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Traumatic brain injuries and mental helath problems in women

Each year, about 1.5 million people suffer a traumatic brain injury (TBI). In the military, blast injuries are common. Of the soldiers who are injured, between 15 and 30 percent will develop neurophychiatric disorders later on that can include post-traumatic stress disorder (PTSD) and depression. While men are more likely to suffer from a TBI, women have a higher risk of developing a disorder related to their mental health, according to a recent study presented at the Endocrine Society's 99th meeting in Orlando, Florida.

The study used mice and the ORA Advanced Blast Simulator to simulate humans and mild blast injuries. While both the male and female mice showed altered levels of corticosterone after being subjected to the stimulated blast, female mice showed higher dysregulation of the corticosterone level than the male mice did. This is believed to be due to estrogen levels in the female mice.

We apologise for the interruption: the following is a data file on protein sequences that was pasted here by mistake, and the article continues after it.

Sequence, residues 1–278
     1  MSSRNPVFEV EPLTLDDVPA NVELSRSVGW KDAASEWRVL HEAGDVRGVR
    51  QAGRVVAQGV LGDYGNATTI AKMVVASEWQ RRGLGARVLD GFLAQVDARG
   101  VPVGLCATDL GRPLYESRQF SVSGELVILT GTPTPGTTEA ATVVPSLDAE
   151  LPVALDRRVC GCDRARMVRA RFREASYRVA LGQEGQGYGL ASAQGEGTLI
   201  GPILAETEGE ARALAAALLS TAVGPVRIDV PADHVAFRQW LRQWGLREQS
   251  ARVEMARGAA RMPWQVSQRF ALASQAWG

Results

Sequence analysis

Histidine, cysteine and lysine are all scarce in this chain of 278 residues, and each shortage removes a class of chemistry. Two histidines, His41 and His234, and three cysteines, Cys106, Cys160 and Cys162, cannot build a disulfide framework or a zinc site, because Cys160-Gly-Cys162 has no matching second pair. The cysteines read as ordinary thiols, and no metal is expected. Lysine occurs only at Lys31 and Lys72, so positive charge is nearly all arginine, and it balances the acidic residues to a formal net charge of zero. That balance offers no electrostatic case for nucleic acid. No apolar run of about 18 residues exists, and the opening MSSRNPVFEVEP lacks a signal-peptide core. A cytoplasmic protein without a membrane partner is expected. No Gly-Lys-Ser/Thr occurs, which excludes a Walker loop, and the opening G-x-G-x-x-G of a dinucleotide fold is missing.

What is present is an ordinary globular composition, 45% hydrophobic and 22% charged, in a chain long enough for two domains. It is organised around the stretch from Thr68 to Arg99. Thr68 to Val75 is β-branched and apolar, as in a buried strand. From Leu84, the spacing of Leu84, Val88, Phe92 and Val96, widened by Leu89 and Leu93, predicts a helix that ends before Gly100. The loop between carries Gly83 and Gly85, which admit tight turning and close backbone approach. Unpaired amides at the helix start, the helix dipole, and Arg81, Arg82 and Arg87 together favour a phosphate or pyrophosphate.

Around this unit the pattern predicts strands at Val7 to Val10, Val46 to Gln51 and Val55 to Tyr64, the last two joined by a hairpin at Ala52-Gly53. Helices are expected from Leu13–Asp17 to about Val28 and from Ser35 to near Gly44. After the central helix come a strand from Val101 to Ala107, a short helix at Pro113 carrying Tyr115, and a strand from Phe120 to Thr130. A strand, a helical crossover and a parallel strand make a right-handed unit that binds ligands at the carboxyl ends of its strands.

Better TBI and mental health disorder treatments may be forthcoming once it is understood exactly how a TBI can interfere with the body's corticosterone levels -- which is used to determine how the body responds to stress. More research is needed to determine why this occurs in order for treatments to be developed.

If you or a loved one have suffered from a brain injury due to another person's recklessness, negligence or carelessness, you may have a right to compensation for your medical expenses, pain and suffering, lost wages and more. An North Carolina attorney experienced in personal injury cases can provide more information on how you would proceed to seek such compensation.

Source: Science Daily, "Traumatic brain injuries leave women prone to mental health problems," April 03, 2017

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